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Rehabilitation under way, 'Big Ben' trying to reclaim name

PITTSBURGH -- Recklessness is what made Pittsburgh Steelers quarterback Ben Roethlisberger a two-time Super Bowl champ. It's also what made him a man investigated for sexual assault, admonished by his owner, the NFL and a fan base that elevated him to the God-like status that made him feel entitled. He's been called a drama queen, and the toughest hombre in the league.

Now, he's just Ben.

Nobody is writing a reclamation story about Roethlisberger because, like Michael Vick or Kobe Bryant or Josh Hamilton, he's the only one who can pen a comeback. Trust was breeched and that's not easy to get back, but he's got time and he's doing all the right things, it seems.

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He's playing good football and for most of us, that's why we know him and why we care. He's also laying low. In the 10 games he's played this season, about the only real excitement he's been involved in consisted of Richard Seymour's hand and his broken nose.

Off the field, all is quiet. People near him say he's kept a low profile after his high-profile investigation in the summer in which he was accused of sexually assaulting a college student in Milledgeville, Ga. He was never charged, but the sordid details that prosecutor Fred Bright free-wheelingly shared about the case did about as much damage to Roethlisberger's reputation as a scorned prosecutor could bring without proceeding with a trial.

I was in the courtroom when Bright hammered away at the case against Roethlisberger that the prosecutor said was too hard to prove, especially since the accuser did not want to proceed. I remember thinking that this was going to go one of three ways for Roethlisberger. He would either wither to the unprecedented judgment of his character; he would thumb his nose at the entire process; or he would remain humble and work harder at being better in every facet of his life.

Hines Ward says it's been the latter route his quarterback has traveled.

"He has a greater appreciation of the game," the wide receiver said. "You can see the smile on his face, the enjoyment. You can see the disappointment on his face when we don't get things going. When you get something taken away from you, especially something outside of football, you get a greater appreciation for the game and right now he's all about the game."

Roethlisberger has completed 203 of 335 passes for 2,600 yards, 14 touchdowns with five interceptions. He's playing like a man who saw his team win three of four games without him and doesn't want to let them down now that he's entrenched again.

He's been sacked 29 times and pounded more than that. In previous seasons he might have played up his toughness. This season, he's all business. He still takes sacks by holding the ball too long, but he also makes plays by breaking tackles and covering for a banged-up, inconsistent offensive line by extending plays with defenders hanging off him.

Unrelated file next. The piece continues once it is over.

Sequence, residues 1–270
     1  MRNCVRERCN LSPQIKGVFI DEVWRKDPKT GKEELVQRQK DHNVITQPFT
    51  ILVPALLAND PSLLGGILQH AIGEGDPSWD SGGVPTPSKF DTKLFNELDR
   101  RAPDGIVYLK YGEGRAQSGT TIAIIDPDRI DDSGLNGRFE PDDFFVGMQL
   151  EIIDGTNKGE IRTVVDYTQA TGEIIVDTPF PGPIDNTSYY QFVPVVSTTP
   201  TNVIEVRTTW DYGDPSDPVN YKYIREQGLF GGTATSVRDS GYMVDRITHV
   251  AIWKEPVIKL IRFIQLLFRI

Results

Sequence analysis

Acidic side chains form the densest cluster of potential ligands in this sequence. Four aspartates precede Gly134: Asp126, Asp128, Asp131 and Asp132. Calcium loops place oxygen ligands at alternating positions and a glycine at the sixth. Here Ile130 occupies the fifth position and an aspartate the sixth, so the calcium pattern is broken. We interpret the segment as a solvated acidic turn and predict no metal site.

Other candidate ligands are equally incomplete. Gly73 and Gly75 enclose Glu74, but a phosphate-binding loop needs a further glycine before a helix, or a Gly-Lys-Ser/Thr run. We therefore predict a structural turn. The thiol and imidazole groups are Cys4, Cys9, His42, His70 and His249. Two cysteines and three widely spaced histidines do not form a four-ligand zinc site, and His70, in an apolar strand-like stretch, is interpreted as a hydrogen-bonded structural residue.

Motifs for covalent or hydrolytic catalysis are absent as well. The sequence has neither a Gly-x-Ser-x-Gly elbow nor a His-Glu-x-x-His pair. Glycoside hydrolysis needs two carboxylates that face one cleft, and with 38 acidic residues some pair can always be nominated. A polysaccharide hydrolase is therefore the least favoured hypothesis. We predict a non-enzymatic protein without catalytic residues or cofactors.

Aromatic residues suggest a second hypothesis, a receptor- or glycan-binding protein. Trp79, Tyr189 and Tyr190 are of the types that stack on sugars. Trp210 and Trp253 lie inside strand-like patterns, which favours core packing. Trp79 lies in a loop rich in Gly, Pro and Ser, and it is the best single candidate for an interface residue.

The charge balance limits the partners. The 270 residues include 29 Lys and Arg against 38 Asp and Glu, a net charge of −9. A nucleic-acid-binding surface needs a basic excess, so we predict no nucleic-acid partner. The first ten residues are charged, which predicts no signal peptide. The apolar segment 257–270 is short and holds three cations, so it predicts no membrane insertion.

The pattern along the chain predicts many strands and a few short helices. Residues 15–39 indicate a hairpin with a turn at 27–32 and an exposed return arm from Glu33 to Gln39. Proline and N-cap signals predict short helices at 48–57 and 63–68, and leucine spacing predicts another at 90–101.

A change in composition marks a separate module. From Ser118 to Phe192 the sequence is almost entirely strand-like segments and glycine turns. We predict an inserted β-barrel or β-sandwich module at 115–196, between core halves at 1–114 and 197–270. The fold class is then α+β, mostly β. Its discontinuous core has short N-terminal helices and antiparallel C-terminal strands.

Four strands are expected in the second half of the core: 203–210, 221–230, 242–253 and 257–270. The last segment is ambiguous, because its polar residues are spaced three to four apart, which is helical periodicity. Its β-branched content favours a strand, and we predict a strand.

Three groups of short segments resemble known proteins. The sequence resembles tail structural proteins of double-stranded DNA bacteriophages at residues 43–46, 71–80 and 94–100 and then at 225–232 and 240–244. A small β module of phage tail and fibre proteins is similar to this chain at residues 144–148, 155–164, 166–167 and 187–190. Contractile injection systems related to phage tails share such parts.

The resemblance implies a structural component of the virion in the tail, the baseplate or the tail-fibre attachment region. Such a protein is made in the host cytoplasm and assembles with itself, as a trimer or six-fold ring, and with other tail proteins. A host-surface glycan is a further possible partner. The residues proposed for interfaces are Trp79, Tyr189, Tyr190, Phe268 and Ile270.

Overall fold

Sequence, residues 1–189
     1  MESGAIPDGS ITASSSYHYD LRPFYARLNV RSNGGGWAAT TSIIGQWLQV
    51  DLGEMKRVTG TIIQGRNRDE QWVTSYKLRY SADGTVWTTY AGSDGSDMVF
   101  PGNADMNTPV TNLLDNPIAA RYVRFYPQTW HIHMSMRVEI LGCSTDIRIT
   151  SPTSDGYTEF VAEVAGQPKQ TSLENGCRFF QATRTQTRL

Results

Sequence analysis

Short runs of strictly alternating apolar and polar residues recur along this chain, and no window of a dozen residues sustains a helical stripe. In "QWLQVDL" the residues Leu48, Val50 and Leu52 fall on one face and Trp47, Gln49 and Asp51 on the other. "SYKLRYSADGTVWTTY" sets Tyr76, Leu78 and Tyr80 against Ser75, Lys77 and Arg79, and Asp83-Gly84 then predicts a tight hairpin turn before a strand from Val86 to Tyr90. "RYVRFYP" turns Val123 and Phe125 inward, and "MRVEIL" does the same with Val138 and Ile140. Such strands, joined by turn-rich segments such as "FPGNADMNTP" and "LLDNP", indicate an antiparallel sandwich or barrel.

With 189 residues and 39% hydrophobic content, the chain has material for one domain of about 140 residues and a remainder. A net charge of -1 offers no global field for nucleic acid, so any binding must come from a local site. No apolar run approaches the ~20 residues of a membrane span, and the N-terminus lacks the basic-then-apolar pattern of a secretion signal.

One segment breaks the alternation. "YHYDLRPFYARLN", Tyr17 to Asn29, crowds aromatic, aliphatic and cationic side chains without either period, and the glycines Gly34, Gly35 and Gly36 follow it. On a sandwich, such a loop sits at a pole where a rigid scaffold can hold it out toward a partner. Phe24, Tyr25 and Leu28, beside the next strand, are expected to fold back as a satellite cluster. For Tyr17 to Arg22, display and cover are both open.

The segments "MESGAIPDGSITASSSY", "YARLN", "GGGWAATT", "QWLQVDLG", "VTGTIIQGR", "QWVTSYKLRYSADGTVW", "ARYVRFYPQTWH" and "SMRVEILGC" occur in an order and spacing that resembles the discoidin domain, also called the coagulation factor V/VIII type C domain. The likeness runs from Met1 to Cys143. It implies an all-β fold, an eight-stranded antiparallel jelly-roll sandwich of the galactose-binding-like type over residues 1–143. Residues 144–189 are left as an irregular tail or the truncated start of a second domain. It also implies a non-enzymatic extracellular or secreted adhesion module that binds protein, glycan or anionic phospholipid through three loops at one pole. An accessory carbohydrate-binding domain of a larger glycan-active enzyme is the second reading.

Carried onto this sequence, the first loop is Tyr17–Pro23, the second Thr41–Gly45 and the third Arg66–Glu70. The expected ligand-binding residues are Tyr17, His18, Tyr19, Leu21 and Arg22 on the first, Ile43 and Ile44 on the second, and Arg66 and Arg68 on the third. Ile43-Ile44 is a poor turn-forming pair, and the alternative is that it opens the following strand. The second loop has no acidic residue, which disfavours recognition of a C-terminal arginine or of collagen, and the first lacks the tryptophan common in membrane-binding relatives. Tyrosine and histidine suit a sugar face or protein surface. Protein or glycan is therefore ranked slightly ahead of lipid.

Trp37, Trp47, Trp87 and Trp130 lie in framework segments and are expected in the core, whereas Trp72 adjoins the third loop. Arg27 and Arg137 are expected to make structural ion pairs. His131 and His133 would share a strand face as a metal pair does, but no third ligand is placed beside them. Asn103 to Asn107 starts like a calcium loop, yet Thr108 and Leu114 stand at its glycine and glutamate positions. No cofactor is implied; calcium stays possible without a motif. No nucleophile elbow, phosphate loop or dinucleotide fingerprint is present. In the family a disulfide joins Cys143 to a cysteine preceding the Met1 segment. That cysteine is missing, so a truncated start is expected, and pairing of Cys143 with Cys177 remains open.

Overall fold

Roethlisberger has played well enough to where Pittsburgh could make a Super Bowl run. However, the spotlight hasn't fallen on him. Emerging star wide receiver Mike Wallace, 1,173-yard rusher Rashard Mendenhall, Ward, safety Troy Polamalu, and linebackers LaMarr Woodley and James Harrison have been the noted catalysts. Roethlisberger, by design, has stayed in the shadows.

"When everything happened, I wasn't a guy who came out and said that I don't care what people think about me, because you do," Roethlisberger told the Pittsburgh Post-Gazette this week. "You're a human being; you care what people think. I hope and I think a lot of people really felt that I was genuine in the things I said, because I was. Hopefully, they have forgiven me or they are working toward it.

"We said it wasn't going to happen overnight. I strive every day to be a better person, a better son, everything. That's what I think we all should do."

No one knows if he's truly a changed man. He's behaving like one. The NFL is watching, as are the image-conscious Steelers. Shame and embarrassment can prompt humility and maturation in a hurry. Roethlisberger is said to be warmer to his teammates and media, and both have reciprocated in kind.

"I would go above and beyond for that guy," Wallace said. "We got his back because we feel like he's got ours."

The support seems widespread. In the past, that wasn't always the case. Teammates weren't always feeling Roethlisberger, who was viewed by some as self-absorbed. Remember when Ward questioned Roethlisberger sitting out a key game last season because of a concussion?

Then came the unflattering stories from fans and people who encountered Roethlisberger amid his investigation and suspension. But during Sunday's loss to the Jets at Heinz Field -- one that Roethlisberger almost salvaged in the waning seconds -- support for No. 7 was strong.

Who knows if things would be different if the Steelers had fallen apart like the Vikings, Cowboys or Bengals. But winning, right or wrong, is always an incredible salve.

The Steelers have clinched a playoff spot with two games left and can wrap up the AFC North and a first-round bye with a victory vs. Carolina on Thursday night and a loss by Baltimore on Sunday. Two seasons after winning the Super Bowl on a winning drive led by Roethlisberger, Pittsburgh could be on the way back.

The same could be said about Roethlisberger.

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